WASHINGTON EXAMINER: New Warning Bells In Operation Fast And Furious Probe.
A bruised and battered veteran of the U.S. Civil Service explained how the government silences whistleblowers and other uncooperative employees: “They give you a big promotion, a fancy title and a new office, but no staff and nothing to do. Then they tell you to watch the flagpole in front of headquarters and, if that flag moves, you come tell us immediately. After that, you’re never heard from again.” Whistleblowers in the Washington bureaucracy come in all ideological stripes, but the one thing they almost invariably have in common is being subjected to this treatment. Some stick to their guns and alert the public to a problem in government, but most are bored into submission.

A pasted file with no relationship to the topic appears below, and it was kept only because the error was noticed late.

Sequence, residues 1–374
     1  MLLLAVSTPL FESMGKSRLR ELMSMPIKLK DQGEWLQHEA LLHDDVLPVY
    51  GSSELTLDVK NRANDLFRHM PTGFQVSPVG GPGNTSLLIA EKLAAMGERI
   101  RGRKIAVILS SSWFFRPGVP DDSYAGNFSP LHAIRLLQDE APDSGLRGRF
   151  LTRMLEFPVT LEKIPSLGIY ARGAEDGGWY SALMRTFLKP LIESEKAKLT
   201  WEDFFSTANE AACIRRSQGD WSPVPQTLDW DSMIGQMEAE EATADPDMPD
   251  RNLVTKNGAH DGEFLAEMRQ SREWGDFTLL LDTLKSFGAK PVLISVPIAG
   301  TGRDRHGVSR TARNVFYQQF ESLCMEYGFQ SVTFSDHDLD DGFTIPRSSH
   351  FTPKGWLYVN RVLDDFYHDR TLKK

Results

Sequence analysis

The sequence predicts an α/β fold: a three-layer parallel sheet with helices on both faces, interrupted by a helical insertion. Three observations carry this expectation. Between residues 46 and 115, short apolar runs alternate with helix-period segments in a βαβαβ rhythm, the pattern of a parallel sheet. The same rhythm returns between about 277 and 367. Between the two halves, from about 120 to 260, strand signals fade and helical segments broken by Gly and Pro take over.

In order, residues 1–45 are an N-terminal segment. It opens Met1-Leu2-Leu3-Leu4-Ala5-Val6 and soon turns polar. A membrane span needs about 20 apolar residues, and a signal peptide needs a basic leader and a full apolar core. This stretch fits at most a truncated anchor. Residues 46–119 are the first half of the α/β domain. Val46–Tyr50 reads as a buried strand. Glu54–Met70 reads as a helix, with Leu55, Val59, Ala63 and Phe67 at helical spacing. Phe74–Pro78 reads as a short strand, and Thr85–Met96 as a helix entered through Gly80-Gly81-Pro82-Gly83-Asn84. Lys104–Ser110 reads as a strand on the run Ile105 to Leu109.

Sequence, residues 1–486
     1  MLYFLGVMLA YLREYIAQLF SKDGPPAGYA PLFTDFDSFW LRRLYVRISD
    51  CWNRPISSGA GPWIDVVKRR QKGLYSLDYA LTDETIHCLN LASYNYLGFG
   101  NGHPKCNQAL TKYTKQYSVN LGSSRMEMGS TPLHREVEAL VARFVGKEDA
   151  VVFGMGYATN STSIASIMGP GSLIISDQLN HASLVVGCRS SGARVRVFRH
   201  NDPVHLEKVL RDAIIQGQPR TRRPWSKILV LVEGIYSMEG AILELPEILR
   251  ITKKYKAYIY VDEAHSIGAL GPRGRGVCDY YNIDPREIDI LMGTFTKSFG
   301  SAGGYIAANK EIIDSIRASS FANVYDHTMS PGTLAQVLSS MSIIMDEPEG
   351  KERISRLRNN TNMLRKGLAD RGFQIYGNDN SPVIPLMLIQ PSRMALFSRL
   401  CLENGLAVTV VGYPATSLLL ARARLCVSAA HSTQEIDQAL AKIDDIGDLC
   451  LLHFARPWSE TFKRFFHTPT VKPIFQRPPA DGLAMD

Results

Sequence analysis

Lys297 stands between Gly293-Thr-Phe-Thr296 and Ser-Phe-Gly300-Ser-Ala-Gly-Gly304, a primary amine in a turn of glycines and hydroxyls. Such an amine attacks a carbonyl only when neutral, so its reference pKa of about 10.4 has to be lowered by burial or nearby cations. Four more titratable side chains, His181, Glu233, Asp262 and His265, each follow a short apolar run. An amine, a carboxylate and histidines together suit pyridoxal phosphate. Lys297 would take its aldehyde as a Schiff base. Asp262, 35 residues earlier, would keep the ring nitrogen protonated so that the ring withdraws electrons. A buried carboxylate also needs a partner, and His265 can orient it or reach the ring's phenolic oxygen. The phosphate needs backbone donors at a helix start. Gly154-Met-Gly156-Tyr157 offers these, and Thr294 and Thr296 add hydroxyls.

Kenneth Melson, the now former acting director of the Bureau of Alcohol, Tobacco, Firearms and Explosives at the center of the Operation Fast and Furious scandal, appears to be getting the treatment now.
It does look suspicious.